How Do You Remember Someone Who Has Been Cremated?
Designing a fitting memorial tribute to a lost loved one will always be difficult. The first thing to keep in mind is that there are many different ways to remember someone, and not all of them will be right for you.
When we think about memorials, we often think of visiting a person’s graveside and bringing flowers and other keepsakes. But when your loved one has been cremated, you might not have a graveside to visit. Rather than seeing this as a limitation, you should instead think of it as an opportunity to remember the person in a way that is most authentic to you.
Our loved ones will always live on in our memories, but it is helpful to the grieving process if we have a way to express our loss in a physical way. There are many stages to creating cremation memories, and we will guide you through them below.
The funeral and cremation
The funeral and cremation are the first stages of saying goodbye. This is often the most difficult part for family and loved ones because the loss is still very raw and fresh. You might feel that you are simply going through the motions and following a template for the funeral and cremation. Leaning on those closest to you during this difficult time will enable you to host a beautiful funeral that will give individuals a chance to say goodbye.
The wake or memorial service
Immediately after the funeral, or in the weeks following, you might host a wake or memorial service. This will allow you to bring together those who may not have been able to attend the funeral and host something more personalised to the person. You might host this in your home, or a function suite. You can invite a wider group of people to say a few words and use this as an opportunity to celebrate your loved one’s life.
Decide what to do with the ashes
If you have chosen cremation, you will need to decide what to do with the ashes. There are a number of options available to you.
Keep the ashes in your home
Some people keep the ashes in their home forever, while others will simply hold on to them until they have decided where they would like to put their loved one to rest. If you choose to keep the ashes in your home, you could remember your loved one by creating a decorative urn or a display for the ashes.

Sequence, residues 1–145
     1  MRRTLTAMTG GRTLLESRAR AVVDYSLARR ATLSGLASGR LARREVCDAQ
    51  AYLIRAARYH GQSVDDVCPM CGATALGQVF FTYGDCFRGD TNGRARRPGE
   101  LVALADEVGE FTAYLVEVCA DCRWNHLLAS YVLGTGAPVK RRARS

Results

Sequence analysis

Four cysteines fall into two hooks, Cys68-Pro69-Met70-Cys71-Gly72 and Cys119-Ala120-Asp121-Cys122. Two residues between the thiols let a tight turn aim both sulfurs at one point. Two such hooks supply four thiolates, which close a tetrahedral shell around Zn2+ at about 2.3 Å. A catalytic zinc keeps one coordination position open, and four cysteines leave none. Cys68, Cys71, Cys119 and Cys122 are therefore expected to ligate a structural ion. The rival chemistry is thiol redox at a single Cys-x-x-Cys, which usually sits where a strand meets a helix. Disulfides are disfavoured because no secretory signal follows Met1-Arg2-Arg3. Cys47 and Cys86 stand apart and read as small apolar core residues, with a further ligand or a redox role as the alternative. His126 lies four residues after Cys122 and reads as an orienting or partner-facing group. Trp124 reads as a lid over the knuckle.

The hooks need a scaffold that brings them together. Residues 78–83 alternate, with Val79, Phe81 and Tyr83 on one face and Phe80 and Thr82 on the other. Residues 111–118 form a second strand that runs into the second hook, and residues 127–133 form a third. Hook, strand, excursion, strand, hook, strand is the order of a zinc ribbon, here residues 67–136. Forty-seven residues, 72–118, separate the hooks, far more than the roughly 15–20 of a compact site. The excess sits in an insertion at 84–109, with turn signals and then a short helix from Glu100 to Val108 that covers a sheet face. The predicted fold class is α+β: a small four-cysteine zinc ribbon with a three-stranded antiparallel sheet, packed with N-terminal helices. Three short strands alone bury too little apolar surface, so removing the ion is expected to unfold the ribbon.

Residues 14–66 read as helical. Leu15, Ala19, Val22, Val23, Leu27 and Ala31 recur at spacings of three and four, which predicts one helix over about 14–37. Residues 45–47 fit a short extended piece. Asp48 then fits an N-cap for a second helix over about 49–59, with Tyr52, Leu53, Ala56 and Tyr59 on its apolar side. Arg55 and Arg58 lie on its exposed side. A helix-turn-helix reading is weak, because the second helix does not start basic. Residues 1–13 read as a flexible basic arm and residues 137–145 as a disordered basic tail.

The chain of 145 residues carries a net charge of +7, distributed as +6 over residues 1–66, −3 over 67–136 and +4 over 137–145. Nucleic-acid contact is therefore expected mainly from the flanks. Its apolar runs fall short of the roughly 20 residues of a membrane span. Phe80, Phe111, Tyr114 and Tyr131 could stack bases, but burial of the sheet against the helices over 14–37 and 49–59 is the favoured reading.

Scatter the ashes
Scattering the ashes in a spot that your loved one would like to be laid to rest is an ideal way to remember your loved one. You can mark the spot with a memorial plaque or a bench to give yourself a place you can return to and reflect on the life you spent with your loved one. Scattering the ashes can help with the grieving process, as it will allow you to physically let go and start to move on.
Create an ashes keepsake
If you aren’t ready to let go of the ashes entirely, or if you feel you need a little bit of extra comfort, creating a memorial ashes keepsake is the perfect way to pay tribute to your loved one. A keepsake could include a piece of artwork for your home, a memorial pebble, or even a piece of jewellery you can wear to remember your loved one. Memorial jewellery will make a touching gift for your family members who may also be struggling with their grief.
Bury the ashes
Burying the ashes in a churchyard, a garden or another special place is another way to remember your loved one. Burying the ashes is the closest thing you will have to a gravesite, and it can be less daunting than scattering the ashes. Some people aren’t ready to confront death in this way, so burying the ashes makes a lot more sense for them. You can mark the site with a plaque, a grave marker or even a memorial garden. Remember you need to have permission from the landowner if you are burying the ashes on private land.
On their birthday
It’s not uncommon to mark the deceased’s birthday in their absence, and this can be an excellent way to bring your loved ones together. Remembering them on their birthday can help you to continue to process your grief and learn how to mark special occasions without them. You could take a trip somewhere special on your own, or you could invite close family and friends to your home to share stories about your loved one.
On the first anniversary of their death
One year after you have lost your loved one will be a difficult date on the calendar. Taking the time to pause and reflect on this special day might feel morose, but it can help in the grieving process. It’s important to take a moment to see how far you have come in this time and recognise that you might still have some unresolved feelings. The anniversary of their death will always be a difficult day, but remember that each one will get easier.
During special occasions
You might not feel like marking special occasions in the first year after your loved one’s death, but these feelings will diminish as time goes by. Celebrations like Christmas, anniversaries and birthdays will get easier as time goes by. Finding a way to include the individual in the special occasion can make it easier to move on. Keeping a memorial keepsake in your home will help you to keep their memory close and take a moment to reflect when you need it the most.
Memorials in your home might be too painful when the loss is fresh, but you will soon find that you are more open to memories than you were in the past. After some time has passed, keepsakes around your home will become a great source of comfort and will enable you to reflect on the fond memories, not just the pain of your loss.